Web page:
2 people found this helpful

  • Overall
    4 out of 5 stars

At first un-expected winner.

When the narration first started I was trying to figure out how and why I down loaded this book. I was quickly drawn into the characters and life of 16th century Europe, Full of one nation battling another nation as a common way for man in making a living ,Factual to an extent the author draws you into the depth of death and life as modern man could ,would or should not experience . Very likable or not characters; full of life, or themselves, with hero's and villains. Really makes you look at a part of history that was so very very awful, Read it if your feeling a little put out. You have no idea how life could be or was. Great Read.

2 people found this helpful

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    5 out of 5 stars
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Sharpe on the Rocks

Nothing is going right for Sharpe. He loses his captaincy, his company, his regiment and Sgt Harpers stripes.
He does get a daughter, a marriage, an old enemy in the name of Sgt Hackworth and a new colonel.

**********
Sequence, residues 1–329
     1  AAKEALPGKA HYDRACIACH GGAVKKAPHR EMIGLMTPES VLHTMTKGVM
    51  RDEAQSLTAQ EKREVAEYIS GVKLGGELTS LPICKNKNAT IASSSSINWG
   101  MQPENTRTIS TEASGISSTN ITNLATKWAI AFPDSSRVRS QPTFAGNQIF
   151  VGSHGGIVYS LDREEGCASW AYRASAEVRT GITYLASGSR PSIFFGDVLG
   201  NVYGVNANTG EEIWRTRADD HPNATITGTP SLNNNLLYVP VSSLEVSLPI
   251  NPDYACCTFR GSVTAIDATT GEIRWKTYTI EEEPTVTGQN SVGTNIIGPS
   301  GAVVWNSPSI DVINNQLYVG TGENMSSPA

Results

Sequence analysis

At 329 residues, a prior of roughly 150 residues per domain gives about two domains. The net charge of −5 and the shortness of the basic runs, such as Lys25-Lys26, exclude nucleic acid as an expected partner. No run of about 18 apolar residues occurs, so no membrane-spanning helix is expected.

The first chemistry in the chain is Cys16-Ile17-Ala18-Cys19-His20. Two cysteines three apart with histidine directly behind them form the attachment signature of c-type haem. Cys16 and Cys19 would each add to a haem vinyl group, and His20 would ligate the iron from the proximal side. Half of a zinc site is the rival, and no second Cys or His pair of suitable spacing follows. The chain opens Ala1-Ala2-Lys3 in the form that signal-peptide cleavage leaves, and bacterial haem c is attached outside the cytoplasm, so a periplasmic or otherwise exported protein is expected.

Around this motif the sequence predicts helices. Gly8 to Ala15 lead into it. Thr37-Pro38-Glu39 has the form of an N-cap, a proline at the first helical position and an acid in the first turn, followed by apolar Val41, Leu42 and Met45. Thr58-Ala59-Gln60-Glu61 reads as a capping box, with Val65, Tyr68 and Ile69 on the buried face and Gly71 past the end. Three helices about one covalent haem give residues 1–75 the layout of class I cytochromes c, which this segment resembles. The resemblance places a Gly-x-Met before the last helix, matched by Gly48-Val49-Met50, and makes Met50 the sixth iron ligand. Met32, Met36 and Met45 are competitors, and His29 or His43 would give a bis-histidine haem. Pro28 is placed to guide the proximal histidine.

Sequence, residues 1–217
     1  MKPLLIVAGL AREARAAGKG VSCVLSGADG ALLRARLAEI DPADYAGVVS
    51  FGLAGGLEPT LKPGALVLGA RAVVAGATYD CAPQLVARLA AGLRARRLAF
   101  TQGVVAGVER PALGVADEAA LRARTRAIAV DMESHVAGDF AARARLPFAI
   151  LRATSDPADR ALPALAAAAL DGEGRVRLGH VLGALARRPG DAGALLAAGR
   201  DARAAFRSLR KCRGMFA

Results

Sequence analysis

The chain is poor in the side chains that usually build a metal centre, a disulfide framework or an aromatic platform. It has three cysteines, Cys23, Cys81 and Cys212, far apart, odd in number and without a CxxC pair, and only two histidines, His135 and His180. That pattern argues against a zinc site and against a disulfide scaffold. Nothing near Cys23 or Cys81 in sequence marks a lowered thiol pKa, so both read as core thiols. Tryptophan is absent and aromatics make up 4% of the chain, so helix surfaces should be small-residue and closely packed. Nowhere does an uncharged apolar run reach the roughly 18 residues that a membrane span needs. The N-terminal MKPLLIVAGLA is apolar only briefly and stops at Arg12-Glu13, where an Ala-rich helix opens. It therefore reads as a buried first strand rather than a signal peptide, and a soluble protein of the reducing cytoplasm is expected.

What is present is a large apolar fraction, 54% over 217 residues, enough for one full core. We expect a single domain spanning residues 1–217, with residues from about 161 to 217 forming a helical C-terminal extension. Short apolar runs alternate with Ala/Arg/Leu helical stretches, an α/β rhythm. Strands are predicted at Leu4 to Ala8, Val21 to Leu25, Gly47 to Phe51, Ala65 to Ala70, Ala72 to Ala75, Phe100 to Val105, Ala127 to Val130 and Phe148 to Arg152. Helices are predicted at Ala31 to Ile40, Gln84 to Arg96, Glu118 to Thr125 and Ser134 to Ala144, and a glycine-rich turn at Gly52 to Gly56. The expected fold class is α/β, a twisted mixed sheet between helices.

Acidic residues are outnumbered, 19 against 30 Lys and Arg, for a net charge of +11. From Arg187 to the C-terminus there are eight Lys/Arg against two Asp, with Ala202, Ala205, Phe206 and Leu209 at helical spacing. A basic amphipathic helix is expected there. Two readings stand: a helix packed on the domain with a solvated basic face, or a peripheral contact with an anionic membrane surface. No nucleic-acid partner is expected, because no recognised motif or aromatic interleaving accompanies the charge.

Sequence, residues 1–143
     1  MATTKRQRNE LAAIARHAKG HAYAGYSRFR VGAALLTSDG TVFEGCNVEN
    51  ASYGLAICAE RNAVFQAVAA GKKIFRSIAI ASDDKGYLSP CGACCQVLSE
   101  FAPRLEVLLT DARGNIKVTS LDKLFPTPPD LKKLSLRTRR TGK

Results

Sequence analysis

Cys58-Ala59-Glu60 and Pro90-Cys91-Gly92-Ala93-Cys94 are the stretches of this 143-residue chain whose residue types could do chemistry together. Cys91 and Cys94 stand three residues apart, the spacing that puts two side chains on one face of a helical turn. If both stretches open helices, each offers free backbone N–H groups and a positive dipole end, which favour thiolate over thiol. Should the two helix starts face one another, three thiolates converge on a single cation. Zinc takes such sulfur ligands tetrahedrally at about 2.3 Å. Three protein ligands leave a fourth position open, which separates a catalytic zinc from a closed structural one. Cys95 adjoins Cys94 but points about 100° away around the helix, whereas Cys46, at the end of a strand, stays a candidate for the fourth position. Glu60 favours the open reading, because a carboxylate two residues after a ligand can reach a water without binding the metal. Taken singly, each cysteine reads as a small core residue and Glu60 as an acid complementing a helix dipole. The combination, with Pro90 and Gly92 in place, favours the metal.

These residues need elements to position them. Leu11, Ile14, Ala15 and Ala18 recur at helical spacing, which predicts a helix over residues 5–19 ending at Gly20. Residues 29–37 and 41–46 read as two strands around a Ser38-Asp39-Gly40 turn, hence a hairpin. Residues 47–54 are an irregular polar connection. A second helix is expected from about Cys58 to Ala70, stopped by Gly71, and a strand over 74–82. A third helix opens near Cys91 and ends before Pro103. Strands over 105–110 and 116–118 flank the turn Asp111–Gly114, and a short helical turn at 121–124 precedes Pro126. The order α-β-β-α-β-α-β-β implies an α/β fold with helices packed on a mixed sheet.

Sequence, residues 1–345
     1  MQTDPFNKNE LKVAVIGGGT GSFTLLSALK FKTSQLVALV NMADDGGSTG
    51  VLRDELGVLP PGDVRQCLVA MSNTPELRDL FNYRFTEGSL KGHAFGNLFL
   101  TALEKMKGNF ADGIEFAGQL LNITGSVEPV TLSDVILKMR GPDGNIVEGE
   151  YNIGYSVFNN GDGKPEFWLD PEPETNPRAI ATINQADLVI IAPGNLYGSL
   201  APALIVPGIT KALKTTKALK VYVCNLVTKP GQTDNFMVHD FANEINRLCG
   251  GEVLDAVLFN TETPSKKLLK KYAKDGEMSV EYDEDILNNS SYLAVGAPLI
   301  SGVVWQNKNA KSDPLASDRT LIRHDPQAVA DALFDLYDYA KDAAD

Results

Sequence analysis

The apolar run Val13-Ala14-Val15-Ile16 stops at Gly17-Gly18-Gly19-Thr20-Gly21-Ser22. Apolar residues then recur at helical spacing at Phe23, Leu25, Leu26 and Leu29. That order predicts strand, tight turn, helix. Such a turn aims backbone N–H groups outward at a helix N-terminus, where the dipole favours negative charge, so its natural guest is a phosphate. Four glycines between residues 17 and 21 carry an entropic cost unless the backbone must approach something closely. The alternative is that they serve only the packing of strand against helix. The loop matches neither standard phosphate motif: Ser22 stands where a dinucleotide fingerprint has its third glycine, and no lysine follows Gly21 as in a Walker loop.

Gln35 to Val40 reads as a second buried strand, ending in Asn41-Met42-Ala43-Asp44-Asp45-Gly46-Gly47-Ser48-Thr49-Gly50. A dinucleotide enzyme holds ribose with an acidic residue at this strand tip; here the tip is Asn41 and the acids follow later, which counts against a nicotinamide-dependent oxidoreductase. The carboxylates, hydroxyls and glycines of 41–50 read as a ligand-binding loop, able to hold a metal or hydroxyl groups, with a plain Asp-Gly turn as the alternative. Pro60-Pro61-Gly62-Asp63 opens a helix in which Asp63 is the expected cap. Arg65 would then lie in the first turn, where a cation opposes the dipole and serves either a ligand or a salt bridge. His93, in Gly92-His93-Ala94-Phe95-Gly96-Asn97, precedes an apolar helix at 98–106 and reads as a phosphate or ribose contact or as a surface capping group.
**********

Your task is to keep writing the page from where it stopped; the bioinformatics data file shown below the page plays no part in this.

He still has his supporters like Wellington, Major Hogan, his men and no Frenchman or Spaniard trying to kill him personally.
So not all bad, but Sharpe gets through this mess and Bernard Cornwell does an excellent job in telling this story. You feel the frustrations of sieges, basic soldiering and officers careers but what really comes out is the built up anxiety before the storming of Badajoz and the wild kaos of the troops with murder, rape and every type of debauchery let lose.
Great story that Frederick Davidson does a great job narrating. Well worth the read.

1 person found this helpful

  • Overall
    4 out of 5 stars

good as Sharpe always is, but sub par narration

Having listened to the Sharpe stories narrated by Sean Bean and Paul McGann, I found Frederick Davidson's accents jarring on the ear. Probably not a problem if you've not heard the others or seen any of the TV series.

3 people found this helpful

  • Overall
    5 out of 5 stars

One of the better Sharpe Books